While he's crying and wondering what to do, he feels the earth move and he meets a mole.  He sneaks down into the mole's den and then talks about his problem.  The mole says he has an idea how to get his rattles back.

This witch is pretty pathetic.  She's trying to do a spell on a mouse and all it does is change its colors.  The only way she'll agree to try to reverse the spell is by a trick the mole and snake play on her.

I liked the trick and I liked the lesson the witch learned.  The illustrations are simple and look like they could have been done a young artist.  I think you could say these characters qualified as curious.

Wednesday, June 22, 2016

The Hatching by Ezekiel Boone

We worry about anthrax poisoning, bird flu, chemical warfare, loss of electricity and more in current times.  One thing that hasn't come up as a worry is spiders.  This story centers on the release of a sac of spiders from hell.  They are carnivorous...

Emily Bestler Books allowed me to read this ARC for review (thank you).  It will be published July 5th.

I hate spiders.  I don't mind daddy long legs but the others make me real nervous.  When I was offered this book, I knew it was about a subject I didn't like.  I made sure I read it during daylight hours.  The comfort here is that the spiders are treated like any other kind of epidemic.

The thing most chilling about this story is how easily these things spread.  They grow and die quickly but they do a lot of damage on the way.  People and shipments carry them and travel bring them from countries to other countries.  Once they are established, they go on reproducing.  It's a major problem that the US is not doing well at containing.  It's hard to study the spiders when you have several interruptions, problems and panic in your laboratory.  It worse when one of the graduate students has a spider burrow into him...

There is a lot research being done, the military is doing what they can, and not much progress is being made.  The real horror comes in the final paragraphs when the spider specialist tells the president it appears this scourge was just the first batch.  They are evolving and bigger ones will be coming.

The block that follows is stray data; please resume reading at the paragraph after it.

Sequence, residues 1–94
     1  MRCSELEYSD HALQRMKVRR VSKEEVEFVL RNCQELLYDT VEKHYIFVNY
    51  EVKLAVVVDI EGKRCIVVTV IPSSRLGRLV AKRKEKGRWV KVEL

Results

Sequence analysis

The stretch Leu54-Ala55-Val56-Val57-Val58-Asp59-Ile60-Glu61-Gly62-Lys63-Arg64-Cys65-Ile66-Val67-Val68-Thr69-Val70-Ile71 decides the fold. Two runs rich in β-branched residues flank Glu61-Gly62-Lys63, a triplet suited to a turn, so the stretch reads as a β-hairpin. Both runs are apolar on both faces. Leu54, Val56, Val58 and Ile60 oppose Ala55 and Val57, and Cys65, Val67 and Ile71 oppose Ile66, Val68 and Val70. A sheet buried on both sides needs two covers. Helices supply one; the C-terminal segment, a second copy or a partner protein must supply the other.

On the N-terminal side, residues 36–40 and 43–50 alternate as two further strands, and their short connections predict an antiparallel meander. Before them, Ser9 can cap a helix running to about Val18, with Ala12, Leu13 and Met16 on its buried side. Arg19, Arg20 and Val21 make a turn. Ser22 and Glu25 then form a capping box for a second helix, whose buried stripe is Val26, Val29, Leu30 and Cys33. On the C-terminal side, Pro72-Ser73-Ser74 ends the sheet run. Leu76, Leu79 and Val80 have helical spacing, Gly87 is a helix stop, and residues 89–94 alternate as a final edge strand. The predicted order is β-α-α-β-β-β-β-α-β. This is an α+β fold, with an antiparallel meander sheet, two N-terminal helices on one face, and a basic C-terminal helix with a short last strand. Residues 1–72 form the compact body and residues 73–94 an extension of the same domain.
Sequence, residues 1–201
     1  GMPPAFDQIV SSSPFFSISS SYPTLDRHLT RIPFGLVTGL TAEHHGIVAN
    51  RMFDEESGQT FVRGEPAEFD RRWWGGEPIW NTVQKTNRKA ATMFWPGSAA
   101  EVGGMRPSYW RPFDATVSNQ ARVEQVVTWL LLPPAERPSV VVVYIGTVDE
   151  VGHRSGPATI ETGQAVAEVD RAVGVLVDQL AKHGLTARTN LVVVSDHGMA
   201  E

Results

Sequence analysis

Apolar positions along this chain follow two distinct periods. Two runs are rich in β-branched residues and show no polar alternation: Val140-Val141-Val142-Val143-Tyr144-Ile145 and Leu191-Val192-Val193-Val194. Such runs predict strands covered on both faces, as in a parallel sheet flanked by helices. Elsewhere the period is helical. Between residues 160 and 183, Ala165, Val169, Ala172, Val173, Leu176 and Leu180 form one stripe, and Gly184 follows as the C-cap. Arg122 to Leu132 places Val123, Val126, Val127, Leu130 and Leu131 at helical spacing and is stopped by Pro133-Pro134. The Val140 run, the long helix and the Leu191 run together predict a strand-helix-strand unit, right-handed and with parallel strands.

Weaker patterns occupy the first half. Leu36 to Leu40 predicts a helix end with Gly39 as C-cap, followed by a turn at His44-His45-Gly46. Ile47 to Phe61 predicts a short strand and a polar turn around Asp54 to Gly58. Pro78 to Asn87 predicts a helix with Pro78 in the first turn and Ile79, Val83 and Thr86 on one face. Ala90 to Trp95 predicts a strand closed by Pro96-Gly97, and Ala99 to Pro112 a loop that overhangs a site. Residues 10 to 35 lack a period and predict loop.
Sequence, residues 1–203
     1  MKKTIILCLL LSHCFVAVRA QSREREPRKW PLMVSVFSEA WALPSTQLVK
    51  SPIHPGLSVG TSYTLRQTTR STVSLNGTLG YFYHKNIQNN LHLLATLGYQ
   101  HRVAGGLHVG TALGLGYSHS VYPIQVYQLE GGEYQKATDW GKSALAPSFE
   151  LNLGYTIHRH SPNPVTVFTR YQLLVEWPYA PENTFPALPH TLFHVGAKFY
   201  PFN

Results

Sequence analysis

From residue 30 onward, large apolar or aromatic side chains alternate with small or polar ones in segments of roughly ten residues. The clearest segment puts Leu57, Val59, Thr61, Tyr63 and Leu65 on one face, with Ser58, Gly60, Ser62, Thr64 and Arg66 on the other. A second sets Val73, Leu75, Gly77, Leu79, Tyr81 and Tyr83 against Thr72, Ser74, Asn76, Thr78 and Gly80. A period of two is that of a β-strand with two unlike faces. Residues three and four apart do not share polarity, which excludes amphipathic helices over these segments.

Sure, there's going to be a sequel.  No, I'm not going to read it.  I faced my fears reading this one, I need no nightmares!  If you like being scared of out of your pants, this series will do it. 

Cleo by Sassafras de Bruyn

Cleo is not fond of the duties her life contains.  School is where people make fun of her glasses, she's always having to tidy things up, and she has no friends.  But she has a way of changing that...

Clavis Books and Net Galley gave me the opportunity to read this book for review (thank you).  It has been published so you can grab a copy now.

This is a sweet story with lovely illustrations that takes you into the fantasy world of a young girl.  Her only real friend is her cat so when she sails away from the world she lives in, she will take him along.

Once she imagines the ship, she imagines a tour across the sea through a field of trees where she meets a boy.   They visit a mermaid cave, pick stars out of the sky, and fight sea monsters.  She's very brave in her imaginary world.

Did you take fantasy journeys in your childhood?  I would see somebody living in an unusual place and pretend I could change places with them for one day.  Then I would imagined what I would do and see while in that cabin by the river or in the castle I could see in the distance.

This little one is following her own dreams.  She knows what her magical life would be like.  (Please note there is no school.)

Tuesday, June 21, 2016

As Good as Gone by Larry Watson

He's desperate.  His wife needs surgery and is going to a hospital in another state.  His teenage daughter will be OK at home alone, but his son is only 11.  When the daughter is at work, his son will be unsupervised.  He decides to bite the bullet and ask his estranged father to stay with them.  He has no idea if he will or not...

Algonquin Books and Edelweiss gave me the opportunity to read this book for review (thank you).  It is being published today.

Calvin is an old cowboy, living in a small trailer out on the prairie.  He's all by himself and he likes it that way.  He doesn't even have a dog.  When his son shows up out of the blue, he's suspicious.  When he finds out why, he wants to say no, so he has no idea why he says yes.

Calvin walked away from his family when his wife died in a car accident in France.  She had gone home to see her family and never made it back.  So the first thing the son does is get a promise he won't take off and leave his grandchildren alone.  He makes that promise.  The son is going to regret asking for it.

Calvin deals with problems just like he used to during his cowboy days.  He succeeds in one task he takes on (saving his granddaughter from a stalker) but he fails at another.  Part of that was his fault.  He assumed a set up he found at the garage was done by a man his son was evicting but it was actually his grandson that did it.

I was hoping for redemption, reconciliation, and a happy ending.  What I got was the tale of a man who has isolated himself and not changed since his prime.  There's no place for old cowboys today.  This book shows you why. It's an interesting look at how things change and how many remain the same.